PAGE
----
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Andrew Bynum puts on a road show for Lakers

Center has 37 points and 16 rebounds as L.A. rallies to defeat Grizzlies in double overtime, 116-111.

March 13, 2012|By Mike Bresnahan

Reporting from Memphis, Tenn.

It took an extra 10 minutes, an eternity in this never-draw-a-breath season, but the Lakers finally improved their road record.

They got tired of the suddenly unstoppable Marreese Speights and did something about it.

They countered with some force of their own, splashed in a little finesse, and beat the short-handed Memphis Grizzlies in double overtime, 116-111, Tuesday at FedEx Forum.

Andrew Bynum had the type of game that sends whispers around the league, scoring 37 points on 15-for-18 shooting and also taking 16 rebounds, all against fellow All-Star center Marc Gasol.

Kobe Bryant had 34 points in almost 52 minutes, the most time he'd logged in four years.

The Lakers came back from a huge deficit, not the other way for once, ignoring a 72-55 Memphis lead in the third quarter and eventually winning.

The improved to 26-16 overall, 8-14 on the road, a muddy roost for them all season. They felt a little more firm in third place in the Western Conference and also moved two games ahead of the Clippers in the Pacific Division.

The Lakers apparently caught a break when Rudy Gay didn't play because of a mild concussion, but the Grizzlies (24-17) outworked them a majority of the game, led by the unlikely trio of Speights (25 points), Tony Allen (18 points) and Quincy Pondexter (12 points).

It could have been awkward, though, when Pau Gasol went to the family room deep inside the arena to go see his brother, Marc, after the game.

"I'm not going to talk about Andrew's game" with my brother, he said.

Marc Gasol was a reserve center for the same All-Star team on which Bynum started. He had 20 points and 11 rebounds Tuesday but made only 10 of 25 shots.

Bynum was solid on both ends.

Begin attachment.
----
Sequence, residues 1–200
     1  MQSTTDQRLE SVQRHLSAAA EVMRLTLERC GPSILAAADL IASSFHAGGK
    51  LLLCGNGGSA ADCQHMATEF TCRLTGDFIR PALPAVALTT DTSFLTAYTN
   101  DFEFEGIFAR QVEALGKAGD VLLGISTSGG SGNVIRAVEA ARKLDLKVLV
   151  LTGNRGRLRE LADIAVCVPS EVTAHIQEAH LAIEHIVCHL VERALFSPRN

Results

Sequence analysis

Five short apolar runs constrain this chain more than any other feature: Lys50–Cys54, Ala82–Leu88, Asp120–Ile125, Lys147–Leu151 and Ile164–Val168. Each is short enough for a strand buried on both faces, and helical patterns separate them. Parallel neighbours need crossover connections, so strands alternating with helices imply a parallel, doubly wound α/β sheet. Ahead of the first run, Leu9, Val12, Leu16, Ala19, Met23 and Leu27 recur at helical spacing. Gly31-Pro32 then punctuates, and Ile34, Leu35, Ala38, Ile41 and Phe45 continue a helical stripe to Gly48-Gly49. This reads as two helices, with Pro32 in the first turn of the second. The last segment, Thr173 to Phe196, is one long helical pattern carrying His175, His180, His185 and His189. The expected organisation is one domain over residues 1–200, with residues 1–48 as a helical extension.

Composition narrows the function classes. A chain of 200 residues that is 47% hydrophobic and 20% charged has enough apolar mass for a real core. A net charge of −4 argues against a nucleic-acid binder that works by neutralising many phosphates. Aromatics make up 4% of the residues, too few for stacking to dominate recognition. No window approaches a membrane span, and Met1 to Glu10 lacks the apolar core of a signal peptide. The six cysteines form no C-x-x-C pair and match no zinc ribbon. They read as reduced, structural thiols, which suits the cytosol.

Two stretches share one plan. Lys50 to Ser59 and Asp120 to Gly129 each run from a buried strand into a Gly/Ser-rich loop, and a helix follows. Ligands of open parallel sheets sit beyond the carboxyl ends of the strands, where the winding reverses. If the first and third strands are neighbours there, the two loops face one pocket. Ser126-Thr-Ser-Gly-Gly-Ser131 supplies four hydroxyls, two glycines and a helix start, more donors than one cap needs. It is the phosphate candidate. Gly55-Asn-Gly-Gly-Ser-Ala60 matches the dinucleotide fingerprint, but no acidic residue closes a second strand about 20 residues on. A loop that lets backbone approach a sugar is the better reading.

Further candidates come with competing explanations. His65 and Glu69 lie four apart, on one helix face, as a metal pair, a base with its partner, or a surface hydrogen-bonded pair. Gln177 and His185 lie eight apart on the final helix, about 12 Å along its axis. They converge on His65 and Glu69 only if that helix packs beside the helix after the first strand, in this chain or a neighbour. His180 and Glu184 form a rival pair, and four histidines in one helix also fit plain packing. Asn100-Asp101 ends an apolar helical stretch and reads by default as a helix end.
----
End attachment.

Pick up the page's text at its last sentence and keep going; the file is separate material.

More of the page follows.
"Huge game by Andrew, for sure," Pau Gasol said. "He's got great rhythm right now. I think he's just got to continue to keep his energy and intensity and aggressiveness high at all times. With his size and strength, he's very hard to stop. When he gets deep position, makes himself big, he rolls hard to the rim, it's a difficult cover for anybody."

Bynum had six dunks and six layups. He obviously didn't feel limited after sustaining a bruised knee two days earlier against Boston.

"They're trusting me now," Bynum said of his teammates. "They're just looking to give me the ball."

The Grizzlies had a chance to win in regulation, but Mike Conley missed a three-point attempt with 0.9 seconds left in the fourth quarter.

The Lakers had a chance in the first overtime, but Bryant's 16-footer barely grazed the front of the rim with one second left.

In the second overtime, Bryant's four-footer put the Lakers ahead for good, 110-109, with 1:47 left. Bynum left his right hand in the air after making the second of two free-throw attempts to put the Lakers up, 116-111, with 22.4 seconds left.

"You have to make free throws because then people can't foul you," said Bynum, who made seven of eight from the line.

Speights was unbelievably effective against the Lakers through three quarters, scoring 21 points. He had only four the rest of the way.

The Lakers play in New Orleans on Wednesday, presumably an easy victory against the West's worst team.

But Lakers followers remember what happened in Washington last week. Something about a 21-point lead turning into a loss.

mike.bresnahan@latimes.com

twitter.com/Mike_Bresnahan

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